Here’s how it happens: You build a business. You master it. You know every wrinkle, every nuance, every employee. You are personally involved in every major decision, and nothing of any significance happens without your say so. It’s as if you live in a zone of laser-like awareness about every aspect of your business. Until one day, none of this is any longer so – and the only person who doesn’t know it, is you.
Put it down to complexity. Complexity (or rather, to be precise, the aggregation of complexity over time) is a leadership killer. Like a frog slowly boiling to death in a pot of water, ever-increasing complexity takes you slowly, incrementally, but inexorably further and further from that ‘zone of awareness’ you lived in for so long. Over time you know less than you think you know, see less than you think you see, understand less than you think you understand.
And the kicker? You almost certainly don’t realize that any of this is happening. You still think you’re the font of all knowledge, the best person to make every decision.
There are three specific areas where your decision-making is impacted by the Icarus Syndrome:
1. What you know may still be right, but what you don’t know is how it connects with and impacts everything else.
So maybe you are still the best judge of how a new product, say, will land with your target demographic. After the growth of complexity, however, what you don’t know is (say) what the alternatives are for your customers out in the marketplace; or how difficult it is now (compared to ‘the early days’) to adapt a product after beta-testing; or how much your vaunted new product is cannibalizing your existing market.
Think of this as the ‘What you don’t know about what you do know’ category.
2. There’s tons of important stuff no one is telling you.
Then there’s the somewhat simpler category of ‘What you think you know, but you don’t’. This can be particularly dangerous. For example, you may well think that important Project Y is being headed up by Jo Soap, a stellar middle manager who you entirely trust to execute well, when in fact, that project was taken over by the untried and therefore high-risk Jim Colander weeks or months ago.
3. Your gut doesn’t work right any more.
If you’re in denial about whether or not you’re slipping in to the Icarus Syndrome, here’s a litmus test: How many recent decisions that you just ‘knew’ were right, didn’t work out? If the answer is more than one or two, then complexity is almost certainly rendering your visceral decision-making less and less effective. (This would be the ‘What you think you can intuit, but you can’t any longer’ category.)
That can’t-miss hire you made that flamed out? Icarus Syndrome. The product launch you dreamt up over a weekend in a flash of genius, but which died a death in the marketplace? Icarus. The big meeting with the potential customer you thought you’d wing easily, but which went south? You get the idea.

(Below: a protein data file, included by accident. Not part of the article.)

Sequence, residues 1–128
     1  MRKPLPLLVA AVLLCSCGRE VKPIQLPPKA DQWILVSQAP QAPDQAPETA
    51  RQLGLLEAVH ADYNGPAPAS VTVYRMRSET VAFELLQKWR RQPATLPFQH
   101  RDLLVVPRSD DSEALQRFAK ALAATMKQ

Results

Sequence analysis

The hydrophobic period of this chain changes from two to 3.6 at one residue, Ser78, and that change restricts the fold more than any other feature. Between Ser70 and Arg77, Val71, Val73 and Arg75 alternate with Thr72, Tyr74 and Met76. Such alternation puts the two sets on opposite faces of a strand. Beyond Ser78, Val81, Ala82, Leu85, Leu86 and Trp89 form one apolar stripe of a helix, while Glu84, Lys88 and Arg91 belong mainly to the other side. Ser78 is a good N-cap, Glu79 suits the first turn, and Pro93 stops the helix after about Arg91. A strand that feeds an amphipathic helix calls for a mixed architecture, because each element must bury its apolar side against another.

Complexity screws with the ability to manage viscerally. Don’t leave your gut behind, but put more of your brain in the mix to process all the new data you need to master in complexity.
How to Stop It
So, if you feel you’re drifting toward your own Icarus-like fall from grace because of the increase in complexity, what should you do to stop the drift and regain control? Start with these three imperatives:
1. Delegate (but verify).
It’s time for you to start passing off decision-making authority to the folks who really do have the information needed to make high-quality decisions. Use this phrase as your mantra: “Only make the decisions that only you can make.”
Take an objectively hard look at the decisions you’re still making yourself, and you’ll almost certainly find that there are many that you should not be making anymore. (To get even better feedback on this, ask your colleagues, peers and direct reports, “What am I keeping hold of that I should really be delegating to someone else?” Then stand back.) Oh, and make sure you institute a fail-safe accountability process to give you regular feedback, so you don’t go crazy with worry in the early days that things aren’t getting done.
2. Slow down and do the work.
In our business, we have something we label a ‘drive-by review’– it’s where someone has been asked to review a document, or read some stuff ahead of a meeting, and they give it a cursory glance and email it back with ‘Works for me’ or something similar. Drive-bys are the on-ramps on the road to a full-fledged Icarus syndrome.
Do the work. Read stuff – with your full attention. Sit in on information-sharing meetings. Go meet your people and ask hard questions. Listen to long answers.
3. Make remaining decisions in teams.